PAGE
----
After three long months, Dancing with the Stars is over, and we’ve got a winner.
After three long months, Dancing with the Stars is over, and we’ve got a winner.

Pop CultureJune 16, 2019

Dancing with the Stars finale: And the winner is…

After three long months, Dancing with the Stars is over, and we’ve got a winner.
After three long months, Dancing with the Stars is over, and we’ve got a winner.

Our three month celebrity charity journey is over! Sam Brooks power-ranks the finale of Dancing with The Stars.

Can I just say what an honestly strange event the last episode of this kind of reality show is? It’s one hour and 59 minutes of edging, with as much padding and promotion for the network’s upcoming big shows (The Block, Westhouse or Fireside or whatever they’re called) as they can possibly shove in. The scores don’t matter, the judges might as well be spouting unconnected nouns and verbs, and we’re seeing dances we’ve already seen! I’m not saying I don’t enjoy it, but man it’s a weird ending – the only highlight really being the chance to see some judges doing some very good dancing.

Anyway, it’s been good to do these recaps again! See you here in 2020, if the dance studio isn’t underwater or on fire or whatever hellscape we’re going to be in in a year’s time! Climate emergency, you guys!

FOURTH PLACE: William Waiirua (and Amelia McGregor)

Oh, William. You were a wild card of a reality show contestant. I never knew what you were going to do or say, and I could rely on you to be a dancer who was fun to watch rather than a good dancer, necessarily. You brought joy to many! But alas, you’re fourth, this is the last power ranking and there’s other stuff to talk about.

Judge’s score: 29.

THIRD PLACE: Clinton Randell (and Brittany Cole)

This was genuinely shocking! Randell’s the only contestant never to be in the bottom two, and he scored consistently well, and the man is so damn likeable. If I was the kind of person who listened to morning radio, I would enjoy listening to Randell. But, as it is, I am not a fan of morning radio and I will likely never hear Randell’s voice again! These are the days of my life, if not yours.

If anything, it’s a good indicator that someone being in the public eye every day has a pretty good chance of doing well on this competition, especially if they’re inclined to be a good dancer anyway.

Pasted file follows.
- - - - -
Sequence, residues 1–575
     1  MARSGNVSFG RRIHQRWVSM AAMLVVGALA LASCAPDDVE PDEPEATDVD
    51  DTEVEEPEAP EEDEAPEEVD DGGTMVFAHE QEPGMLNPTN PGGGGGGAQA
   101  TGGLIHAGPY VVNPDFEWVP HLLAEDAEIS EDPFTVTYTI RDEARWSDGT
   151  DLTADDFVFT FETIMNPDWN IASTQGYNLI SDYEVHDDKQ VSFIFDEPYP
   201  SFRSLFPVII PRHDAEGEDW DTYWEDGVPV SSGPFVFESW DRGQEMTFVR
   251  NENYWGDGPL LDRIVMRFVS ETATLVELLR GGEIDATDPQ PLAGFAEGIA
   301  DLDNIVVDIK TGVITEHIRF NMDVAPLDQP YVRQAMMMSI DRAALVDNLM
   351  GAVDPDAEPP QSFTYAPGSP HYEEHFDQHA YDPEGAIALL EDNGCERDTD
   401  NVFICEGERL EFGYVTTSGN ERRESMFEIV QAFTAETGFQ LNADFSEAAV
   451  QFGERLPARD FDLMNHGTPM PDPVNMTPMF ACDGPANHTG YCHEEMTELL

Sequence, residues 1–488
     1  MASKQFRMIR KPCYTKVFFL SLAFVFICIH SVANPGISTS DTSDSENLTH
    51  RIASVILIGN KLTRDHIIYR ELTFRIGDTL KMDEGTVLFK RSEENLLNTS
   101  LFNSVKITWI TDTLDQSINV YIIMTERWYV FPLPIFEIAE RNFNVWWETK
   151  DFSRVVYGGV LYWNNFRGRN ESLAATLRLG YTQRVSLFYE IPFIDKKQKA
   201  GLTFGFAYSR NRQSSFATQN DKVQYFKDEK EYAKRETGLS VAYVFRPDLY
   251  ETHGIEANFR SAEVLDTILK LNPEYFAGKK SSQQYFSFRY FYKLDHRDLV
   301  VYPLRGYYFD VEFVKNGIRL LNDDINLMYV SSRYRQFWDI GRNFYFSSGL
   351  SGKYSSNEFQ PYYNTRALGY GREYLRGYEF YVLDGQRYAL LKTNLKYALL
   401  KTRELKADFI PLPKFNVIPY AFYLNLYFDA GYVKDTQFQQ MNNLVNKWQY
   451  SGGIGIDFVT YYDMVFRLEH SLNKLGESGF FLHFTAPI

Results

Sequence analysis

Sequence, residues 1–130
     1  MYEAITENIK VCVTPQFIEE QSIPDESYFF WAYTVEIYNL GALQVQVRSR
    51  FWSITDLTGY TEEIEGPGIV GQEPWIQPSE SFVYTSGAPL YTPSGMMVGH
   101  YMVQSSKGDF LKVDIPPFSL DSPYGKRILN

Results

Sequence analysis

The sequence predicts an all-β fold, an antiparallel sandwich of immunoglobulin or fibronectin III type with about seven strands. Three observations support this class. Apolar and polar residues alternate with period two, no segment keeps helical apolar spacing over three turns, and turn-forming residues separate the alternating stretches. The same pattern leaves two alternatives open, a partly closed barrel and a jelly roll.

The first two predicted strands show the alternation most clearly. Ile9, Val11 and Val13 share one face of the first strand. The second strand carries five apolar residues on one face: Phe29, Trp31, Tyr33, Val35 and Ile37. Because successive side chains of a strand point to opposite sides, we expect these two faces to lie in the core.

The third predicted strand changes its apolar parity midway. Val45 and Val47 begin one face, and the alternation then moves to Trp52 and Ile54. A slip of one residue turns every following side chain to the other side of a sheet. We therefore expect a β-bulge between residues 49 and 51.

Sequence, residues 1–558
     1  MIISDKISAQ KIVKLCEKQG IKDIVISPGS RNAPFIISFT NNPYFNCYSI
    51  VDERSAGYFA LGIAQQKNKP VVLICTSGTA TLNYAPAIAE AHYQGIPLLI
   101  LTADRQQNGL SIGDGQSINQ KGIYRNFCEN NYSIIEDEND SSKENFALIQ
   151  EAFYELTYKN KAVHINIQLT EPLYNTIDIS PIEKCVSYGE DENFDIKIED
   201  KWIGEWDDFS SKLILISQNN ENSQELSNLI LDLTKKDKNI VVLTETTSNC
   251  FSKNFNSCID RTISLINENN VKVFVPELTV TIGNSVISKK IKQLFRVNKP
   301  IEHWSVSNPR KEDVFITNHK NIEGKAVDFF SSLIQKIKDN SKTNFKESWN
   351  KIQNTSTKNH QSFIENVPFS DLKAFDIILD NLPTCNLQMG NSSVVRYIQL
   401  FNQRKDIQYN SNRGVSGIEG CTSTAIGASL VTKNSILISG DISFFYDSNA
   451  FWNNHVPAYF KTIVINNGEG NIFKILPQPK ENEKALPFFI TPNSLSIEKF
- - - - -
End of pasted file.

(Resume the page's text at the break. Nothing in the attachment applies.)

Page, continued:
Judge’s score: 30.

SECOND PLACE: Laura Daniel (and Shae Mountain)

Look, the kindest thing I can say – and I truly mean this – is that Laura’s first dance made me consider ‘Iris’ not to be a total rooster crow of a song.

To get real, though. There’s a definite satisfaction in seeing Laura get to the finale, like a true completion of an underdog narrative arc. Even though Laura is a star in her own right, there’s something incredibly heartwarming about seeing someone who is clearly a huge fan of the show, and whose charity genuinely seems to mean so much to her, get this far. And not just because she wanted it, but because she’s very good.

Dreams can come true, y’all! And not just the scary ones where you lie in your bed for half an hour after you wake up wondering if that was real or not. I, personally, wish Laura won, but it’s hard to begrudge the actual winner…

Judge’s score: 30, 30.

Sweep a lady across the floor!

WINNER: Manu Vatuvei (and Loryn Reynolds)

It’s been fun getting to know Vatuvei this season; I wasn’t super familiar with his turns as a cast member of Boost Mobile Warriors, and he seems like a fun guy with a laugh that lightens up the world.

And, honestly, there’s something to be said about seeing a league player win this competition – one of the things that Dancing with the Stars does well is put men in a place where the public can see them get emotional, be vulnerable and engage with an art form that is traditionally seen as feminine, and do so without being judged for it. (Except, you know, the part of the show where they judge him.)

Genuinely, the more we see men, men who the country idolise, do this, the better it is. There’s no doubt that narrative is what helped Manu get to the top of the competition, and that narrative shows that there’s value in silly competitions like this. Reality television can be a pox upon our souls, our houses, and our schedules, but putting a man on our screens a few hours a week and letting him (and not just him, but a range of men) be vulnerable has value. Normalising men having feelings and being vulnerable, as simple as it sounds, has value.

Kudos for the show, and particularly Sharyn Casey, for highlighting this as well. The more we get talking about men having feelings the better. God knows I’ve had enough of them writing these rankings. That’s all from me. See you in 2020!

Judge’s score: 29, 30. Oh also, he won.

Keep going!